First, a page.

16 of 18 people found the following review helpful
Curtis L. Wilbur
- Published on Amazon.com
Ever since I decided to try my hand at writing, I've been curious - more than curious really - driven, to determine what makes us write. I may not be any closer to understanding this after reading "Confessions", but I do know that the need to express oneself this way is shared by many. Edward Abbey was one of those afflicted with the need to write. And in addition to all his many public works, Abbey kept a series of journals.
And so now we have "Confessions of a Barbarian", a compendium of Abbey's journals, gracefully and affectionately edited by David Petersen.
Here is a very rare opportunity to see into the mind of (at least near) genius - a graphic picture of a life, captured from young adulthood to until Abbey's death at the age of 62. (I say "near genius" because how one measures genius is certainly varied. I don't believe that Abbey thought of himself as a genius, and heaven knows, I sure don't want to offend him - not even now!) Here was a life richly experienced, analyzed, self-criticized, and most of all, transcribed - on and on, until the "kows" finally came home.
Contrast this with my review of "One life at a time, please", where I accused Abbey of not being quite honest. I stand by that statement, but here, in "Confessions", at least one mask comes off. Instead of one merely critical of the external world, we finally see the man critical of himself. He did write to make a buck. He wrote for many reasons. The point here is that he wrote.
Call Abbey what you will - environmentalist, philanderer, curmudgeon - all true from time to time. But Abbey was a writer, first and foremost. That is the one thing you can say about him that always holds true. He couldn't stay married. He couldn't take adequate care of his children (a self-confession - of sorts). His vision of paradise, such as it was, was inconsistent and self-defeating. He had racist, and anarchistic tendencies. (How common to have them - forgive us all - but how rare to find them in print!) But always he wrote. He wrote to himself. He wrote to the world. He wrote at times when he should have been taking care of the problems he was writing about. Books, letters, articles, and of course this journal. Abbey had the heart of a writer. He was, as they say, driven.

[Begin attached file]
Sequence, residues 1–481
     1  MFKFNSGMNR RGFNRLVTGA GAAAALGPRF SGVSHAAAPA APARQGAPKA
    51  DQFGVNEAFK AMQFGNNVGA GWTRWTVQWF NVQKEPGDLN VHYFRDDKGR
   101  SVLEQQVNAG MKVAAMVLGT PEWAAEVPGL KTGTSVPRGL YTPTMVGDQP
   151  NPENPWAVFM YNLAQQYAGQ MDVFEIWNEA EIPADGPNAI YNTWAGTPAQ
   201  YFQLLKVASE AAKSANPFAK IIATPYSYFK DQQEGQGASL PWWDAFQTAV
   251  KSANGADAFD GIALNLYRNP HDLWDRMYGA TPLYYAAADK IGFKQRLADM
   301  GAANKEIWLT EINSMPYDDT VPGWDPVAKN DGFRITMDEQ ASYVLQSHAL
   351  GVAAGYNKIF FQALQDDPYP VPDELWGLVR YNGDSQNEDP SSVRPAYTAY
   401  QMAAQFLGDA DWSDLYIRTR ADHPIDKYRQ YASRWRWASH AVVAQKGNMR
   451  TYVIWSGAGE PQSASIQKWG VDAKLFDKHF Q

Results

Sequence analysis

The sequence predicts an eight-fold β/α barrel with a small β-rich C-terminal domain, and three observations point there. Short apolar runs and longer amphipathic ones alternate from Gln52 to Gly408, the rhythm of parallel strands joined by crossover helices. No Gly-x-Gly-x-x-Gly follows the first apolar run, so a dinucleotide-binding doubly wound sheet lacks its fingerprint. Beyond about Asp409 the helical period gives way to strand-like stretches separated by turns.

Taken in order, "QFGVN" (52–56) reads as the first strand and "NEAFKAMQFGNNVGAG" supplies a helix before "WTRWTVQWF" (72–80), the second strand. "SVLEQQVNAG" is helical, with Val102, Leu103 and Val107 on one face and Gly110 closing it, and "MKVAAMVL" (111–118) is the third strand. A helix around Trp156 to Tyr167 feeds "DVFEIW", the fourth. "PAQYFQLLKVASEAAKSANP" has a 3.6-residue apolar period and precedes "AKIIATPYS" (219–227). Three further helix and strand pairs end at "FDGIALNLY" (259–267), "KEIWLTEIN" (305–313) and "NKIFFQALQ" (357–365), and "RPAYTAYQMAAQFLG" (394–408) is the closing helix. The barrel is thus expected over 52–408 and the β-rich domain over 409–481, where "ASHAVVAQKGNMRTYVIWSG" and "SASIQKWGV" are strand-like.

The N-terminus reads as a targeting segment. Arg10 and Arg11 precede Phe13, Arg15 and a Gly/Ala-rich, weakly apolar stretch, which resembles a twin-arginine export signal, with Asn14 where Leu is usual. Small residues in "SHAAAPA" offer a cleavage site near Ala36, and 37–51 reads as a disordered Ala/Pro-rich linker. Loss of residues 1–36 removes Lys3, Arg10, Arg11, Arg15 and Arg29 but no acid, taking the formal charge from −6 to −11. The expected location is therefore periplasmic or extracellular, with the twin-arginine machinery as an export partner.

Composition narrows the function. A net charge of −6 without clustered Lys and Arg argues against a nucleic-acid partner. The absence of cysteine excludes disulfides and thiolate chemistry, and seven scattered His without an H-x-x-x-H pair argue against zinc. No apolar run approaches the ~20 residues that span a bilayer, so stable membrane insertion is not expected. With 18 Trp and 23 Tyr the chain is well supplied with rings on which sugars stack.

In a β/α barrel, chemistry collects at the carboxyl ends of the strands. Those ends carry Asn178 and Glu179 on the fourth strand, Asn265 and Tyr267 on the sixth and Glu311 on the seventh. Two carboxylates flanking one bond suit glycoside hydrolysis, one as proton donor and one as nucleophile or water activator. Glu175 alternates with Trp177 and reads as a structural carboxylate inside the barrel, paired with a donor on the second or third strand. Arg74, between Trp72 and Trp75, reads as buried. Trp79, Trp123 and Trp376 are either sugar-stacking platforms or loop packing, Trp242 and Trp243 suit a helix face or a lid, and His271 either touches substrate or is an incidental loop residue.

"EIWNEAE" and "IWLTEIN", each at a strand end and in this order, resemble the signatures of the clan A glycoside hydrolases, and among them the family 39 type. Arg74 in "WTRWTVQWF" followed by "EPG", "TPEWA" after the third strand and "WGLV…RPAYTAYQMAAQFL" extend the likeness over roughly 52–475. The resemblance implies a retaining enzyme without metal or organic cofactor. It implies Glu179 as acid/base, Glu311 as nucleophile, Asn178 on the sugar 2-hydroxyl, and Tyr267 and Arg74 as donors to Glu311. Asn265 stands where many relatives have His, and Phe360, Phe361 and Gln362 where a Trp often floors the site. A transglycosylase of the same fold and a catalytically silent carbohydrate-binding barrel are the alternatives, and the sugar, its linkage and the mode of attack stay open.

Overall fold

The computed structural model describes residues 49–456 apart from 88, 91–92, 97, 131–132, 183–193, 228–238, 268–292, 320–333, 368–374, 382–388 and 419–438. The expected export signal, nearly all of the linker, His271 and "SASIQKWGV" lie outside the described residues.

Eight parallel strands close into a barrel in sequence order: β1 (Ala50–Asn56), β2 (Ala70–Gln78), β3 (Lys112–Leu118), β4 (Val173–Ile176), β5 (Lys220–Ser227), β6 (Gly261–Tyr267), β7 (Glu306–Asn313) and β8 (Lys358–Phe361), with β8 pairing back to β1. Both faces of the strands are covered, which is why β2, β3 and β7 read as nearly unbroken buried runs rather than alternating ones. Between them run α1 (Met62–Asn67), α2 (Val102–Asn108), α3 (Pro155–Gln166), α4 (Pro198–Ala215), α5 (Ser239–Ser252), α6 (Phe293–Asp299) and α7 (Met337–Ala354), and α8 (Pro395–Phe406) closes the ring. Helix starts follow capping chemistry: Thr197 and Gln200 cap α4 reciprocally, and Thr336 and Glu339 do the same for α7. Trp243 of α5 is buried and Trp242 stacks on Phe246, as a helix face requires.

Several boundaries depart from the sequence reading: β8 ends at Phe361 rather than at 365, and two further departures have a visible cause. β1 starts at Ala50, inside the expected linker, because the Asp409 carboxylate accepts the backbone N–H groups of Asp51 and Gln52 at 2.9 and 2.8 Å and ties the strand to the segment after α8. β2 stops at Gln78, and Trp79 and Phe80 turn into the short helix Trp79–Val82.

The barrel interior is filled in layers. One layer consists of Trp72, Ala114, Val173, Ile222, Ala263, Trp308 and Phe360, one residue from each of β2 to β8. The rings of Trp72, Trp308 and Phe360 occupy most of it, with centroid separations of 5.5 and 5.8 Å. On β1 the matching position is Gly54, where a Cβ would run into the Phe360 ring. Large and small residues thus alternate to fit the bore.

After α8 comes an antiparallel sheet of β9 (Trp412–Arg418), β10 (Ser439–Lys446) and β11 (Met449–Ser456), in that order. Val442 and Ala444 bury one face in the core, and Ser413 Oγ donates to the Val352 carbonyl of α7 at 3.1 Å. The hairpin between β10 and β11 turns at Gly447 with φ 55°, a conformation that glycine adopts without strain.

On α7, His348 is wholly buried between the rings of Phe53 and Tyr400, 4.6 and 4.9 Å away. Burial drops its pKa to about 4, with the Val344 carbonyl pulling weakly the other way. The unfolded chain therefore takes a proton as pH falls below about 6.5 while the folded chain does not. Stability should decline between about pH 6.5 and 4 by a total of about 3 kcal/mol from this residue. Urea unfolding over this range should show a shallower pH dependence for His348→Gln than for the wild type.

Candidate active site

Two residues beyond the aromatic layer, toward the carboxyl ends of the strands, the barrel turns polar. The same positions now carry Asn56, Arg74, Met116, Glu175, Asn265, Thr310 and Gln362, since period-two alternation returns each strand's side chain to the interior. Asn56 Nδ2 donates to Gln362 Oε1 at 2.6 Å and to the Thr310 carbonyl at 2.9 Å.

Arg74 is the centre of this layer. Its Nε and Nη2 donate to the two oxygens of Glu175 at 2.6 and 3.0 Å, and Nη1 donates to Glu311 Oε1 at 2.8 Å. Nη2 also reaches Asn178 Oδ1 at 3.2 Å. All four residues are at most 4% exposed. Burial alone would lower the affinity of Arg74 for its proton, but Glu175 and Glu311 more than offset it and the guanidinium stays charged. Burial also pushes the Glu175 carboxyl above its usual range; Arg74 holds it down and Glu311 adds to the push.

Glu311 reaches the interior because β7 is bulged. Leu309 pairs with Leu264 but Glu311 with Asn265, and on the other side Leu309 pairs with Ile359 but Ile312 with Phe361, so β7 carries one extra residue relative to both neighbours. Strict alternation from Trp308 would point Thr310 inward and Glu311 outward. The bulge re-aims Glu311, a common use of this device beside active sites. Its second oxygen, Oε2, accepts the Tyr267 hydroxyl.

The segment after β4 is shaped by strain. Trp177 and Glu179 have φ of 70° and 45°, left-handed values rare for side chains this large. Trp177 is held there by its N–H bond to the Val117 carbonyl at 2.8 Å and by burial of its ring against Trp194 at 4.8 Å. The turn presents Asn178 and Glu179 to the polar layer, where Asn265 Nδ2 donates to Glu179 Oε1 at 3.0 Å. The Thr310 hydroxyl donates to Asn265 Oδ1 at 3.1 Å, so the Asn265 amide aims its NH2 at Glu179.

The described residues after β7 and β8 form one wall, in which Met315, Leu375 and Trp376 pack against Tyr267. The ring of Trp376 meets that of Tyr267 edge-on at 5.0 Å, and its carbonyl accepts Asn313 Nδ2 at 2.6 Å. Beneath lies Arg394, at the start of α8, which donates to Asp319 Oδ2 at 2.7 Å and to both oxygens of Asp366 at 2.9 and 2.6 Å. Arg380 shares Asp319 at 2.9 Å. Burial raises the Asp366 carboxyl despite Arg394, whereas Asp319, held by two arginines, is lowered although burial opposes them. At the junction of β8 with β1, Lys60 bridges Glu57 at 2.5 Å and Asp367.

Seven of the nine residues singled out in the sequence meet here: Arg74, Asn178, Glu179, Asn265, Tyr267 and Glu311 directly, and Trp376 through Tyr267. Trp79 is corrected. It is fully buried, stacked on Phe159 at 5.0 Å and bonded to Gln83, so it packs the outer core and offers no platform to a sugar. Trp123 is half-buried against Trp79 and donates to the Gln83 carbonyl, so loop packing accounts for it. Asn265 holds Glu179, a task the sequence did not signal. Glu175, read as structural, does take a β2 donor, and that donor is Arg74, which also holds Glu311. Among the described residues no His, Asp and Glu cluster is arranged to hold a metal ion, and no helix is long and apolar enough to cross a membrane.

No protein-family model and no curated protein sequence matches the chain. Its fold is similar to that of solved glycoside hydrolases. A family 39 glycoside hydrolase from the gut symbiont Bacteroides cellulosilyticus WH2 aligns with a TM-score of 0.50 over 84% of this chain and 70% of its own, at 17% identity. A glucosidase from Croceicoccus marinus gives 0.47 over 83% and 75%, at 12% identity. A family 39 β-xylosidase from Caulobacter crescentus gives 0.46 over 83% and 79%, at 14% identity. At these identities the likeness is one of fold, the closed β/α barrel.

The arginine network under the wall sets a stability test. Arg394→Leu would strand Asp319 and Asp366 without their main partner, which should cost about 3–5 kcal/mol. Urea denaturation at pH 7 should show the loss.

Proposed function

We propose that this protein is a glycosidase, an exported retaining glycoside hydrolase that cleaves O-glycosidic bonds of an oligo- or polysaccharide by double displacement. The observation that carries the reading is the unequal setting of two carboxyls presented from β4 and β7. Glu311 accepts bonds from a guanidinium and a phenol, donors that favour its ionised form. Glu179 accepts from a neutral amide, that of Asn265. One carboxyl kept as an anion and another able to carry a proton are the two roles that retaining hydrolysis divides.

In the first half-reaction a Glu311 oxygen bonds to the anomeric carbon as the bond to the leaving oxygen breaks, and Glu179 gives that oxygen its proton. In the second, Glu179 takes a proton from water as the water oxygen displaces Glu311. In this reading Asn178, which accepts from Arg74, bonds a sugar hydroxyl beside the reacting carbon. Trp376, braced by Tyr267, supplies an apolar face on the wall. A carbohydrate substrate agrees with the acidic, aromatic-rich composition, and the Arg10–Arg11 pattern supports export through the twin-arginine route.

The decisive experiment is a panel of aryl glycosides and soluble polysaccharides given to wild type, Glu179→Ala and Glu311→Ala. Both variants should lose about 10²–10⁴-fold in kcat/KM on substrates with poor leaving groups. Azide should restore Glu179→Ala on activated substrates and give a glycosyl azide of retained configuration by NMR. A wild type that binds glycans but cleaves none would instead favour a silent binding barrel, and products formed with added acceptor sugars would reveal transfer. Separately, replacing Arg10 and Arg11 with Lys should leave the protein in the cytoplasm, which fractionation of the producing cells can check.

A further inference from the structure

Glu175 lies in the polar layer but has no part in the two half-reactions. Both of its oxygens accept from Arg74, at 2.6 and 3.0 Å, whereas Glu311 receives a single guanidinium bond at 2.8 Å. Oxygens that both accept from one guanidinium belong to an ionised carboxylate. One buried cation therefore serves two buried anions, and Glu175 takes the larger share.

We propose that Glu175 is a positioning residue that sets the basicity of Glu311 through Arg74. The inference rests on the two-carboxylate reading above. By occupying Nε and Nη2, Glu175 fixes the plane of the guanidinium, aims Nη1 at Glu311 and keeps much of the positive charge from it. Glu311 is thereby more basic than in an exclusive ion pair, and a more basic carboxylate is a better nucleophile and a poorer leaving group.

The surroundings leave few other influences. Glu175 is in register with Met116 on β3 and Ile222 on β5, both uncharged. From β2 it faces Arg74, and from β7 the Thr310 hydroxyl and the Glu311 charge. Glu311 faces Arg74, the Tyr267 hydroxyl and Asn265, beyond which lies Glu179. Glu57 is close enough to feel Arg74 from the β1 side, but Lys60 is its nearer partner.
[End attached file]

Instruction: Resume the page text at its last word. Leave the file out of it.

Abbey's favorite place was the western frontier. That's where he wanted to be with all his heart. And it was his favorite writing topic. It was more than a place and subject matter. It was his obsession. The West taunted Abbey like a seductive, young woman. (And we all know now how Abbey was attracted to young women!) The West's rich colors, profound relief, and intense climate were like an addiction, and Abbey soon mainlined himself. But as far as I can tell, that is the one thing no one seriously tried to talk him out of.
The West is big - or was anyway. Big enough to fill a young man with big dreams. As Abbey matured, his public works were driven toward a single theme: to communicate the tragedy of the closing frontier - the end of dreams.
In "Confessions of a Barbarian", this loss of dreams is finally overshadowed by the loss of the dreamer himself. I literally wept when I read the postscript (which was somewhat embarassing for me, being in a public place). But I share a sense of pride and dignity, because even though I never met the man, I know him. I know him well enough to understand the loss that Petersen feels. Yes, I know it. I dare you to read "Confessions" and not love this man.